Ailsa and I have just returned from a few days break in Scotland. We went on the web and found reasonably priced tickets from Norwich to Edinburgh with Flybe. This was surprising given the Edinburgh Fringe was on, but we booked and planned a trip. We flew up to Edinburgh on Monday and picked up a car and drove to the Isle of Skye. Google maps said the journey could be done in five hours but, given two stops, for tea and supper, it took us close to eight.
The first few hours were familiar territory as last year we went up to Inverness, Aberdeen and Edinburgh. This was really enjoyable but grey. On this drive we turned west 20 or so miles north of Pitlochry and immediately entered a world of lochs and mountains. The whole trip was defined by colours. The grey of cloud and mist blanketing the mountain peaks like a shifting table cloth; the reflections in the water which in turn ranged from gun metal grey to deep blue. The hill and mountains were green and purple, the peaks barren and rocky and scars of shale tipped carelessly down the sides.
Ailsa had been on the web and found a self-catering apartment on the Ullinish Peninsula, a place called Fir Chlis. It has its own website and the pictures there are brilliant. There was one big room and bathroom, but immaculately furnished, decorated and very well provisioned with essentials in the fridge and a generous mini-bar with low prices. We arrived just before 10pm and collapsed into bed.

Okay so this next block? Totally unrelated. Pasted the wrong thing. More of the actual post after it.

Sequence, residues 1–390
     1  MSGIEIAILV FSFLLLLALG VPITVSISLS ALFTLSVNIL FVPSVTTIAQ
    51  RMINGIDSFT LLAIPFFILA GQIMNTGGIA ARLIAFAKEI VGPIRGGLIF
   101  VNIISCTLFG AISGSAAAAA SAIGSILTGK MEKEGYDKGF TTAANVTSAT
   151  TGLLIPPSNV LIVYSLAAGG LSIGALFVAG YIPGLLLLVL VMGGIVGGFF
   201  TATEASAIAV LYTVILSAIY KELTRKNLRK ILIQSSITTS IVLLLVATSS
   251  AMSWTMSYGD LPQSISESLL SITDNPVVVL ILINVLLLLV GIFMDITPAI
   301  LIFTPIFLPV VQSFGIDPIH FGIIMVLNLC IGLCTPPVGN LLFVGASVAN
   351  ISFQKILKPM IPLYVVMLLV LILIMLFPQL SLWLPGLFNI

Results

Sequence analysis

The next morning we woke up to the most amazing view with sea, islands and cliffs. The apartment had big picture windows and so it was possible to lie in bed and look out at the scenery. Because we had driven there in the dark it was even more wonderful when we woke up. There was a full moon reflecting on the water on the clear evening, quite ethereal. And just for our entertainment, rabbits with their noses pressed against the window, although they rejected the carrots!
There was some light rain on Tuesday, and indeed the only rain during the entire trip. We walked from the studio to the end of the Oronsay Peninsula, crossing a tidal causeway en route. The view from the top was amazing. Looking south were the bay and lighthouse, and with a scattering of white isolated crofts nestling against the hills with the Cuillin mountains glowering in the distance. Out to sea was the Isle of Waiy, a green lump in the ocean with its skirting of cliffs. In the distance were the outer Hebrides, I think, the Island of South Uist. It was beautiful and energising. This was a good two hours of walking and scrambling. Excellent exercise and stunning scenery.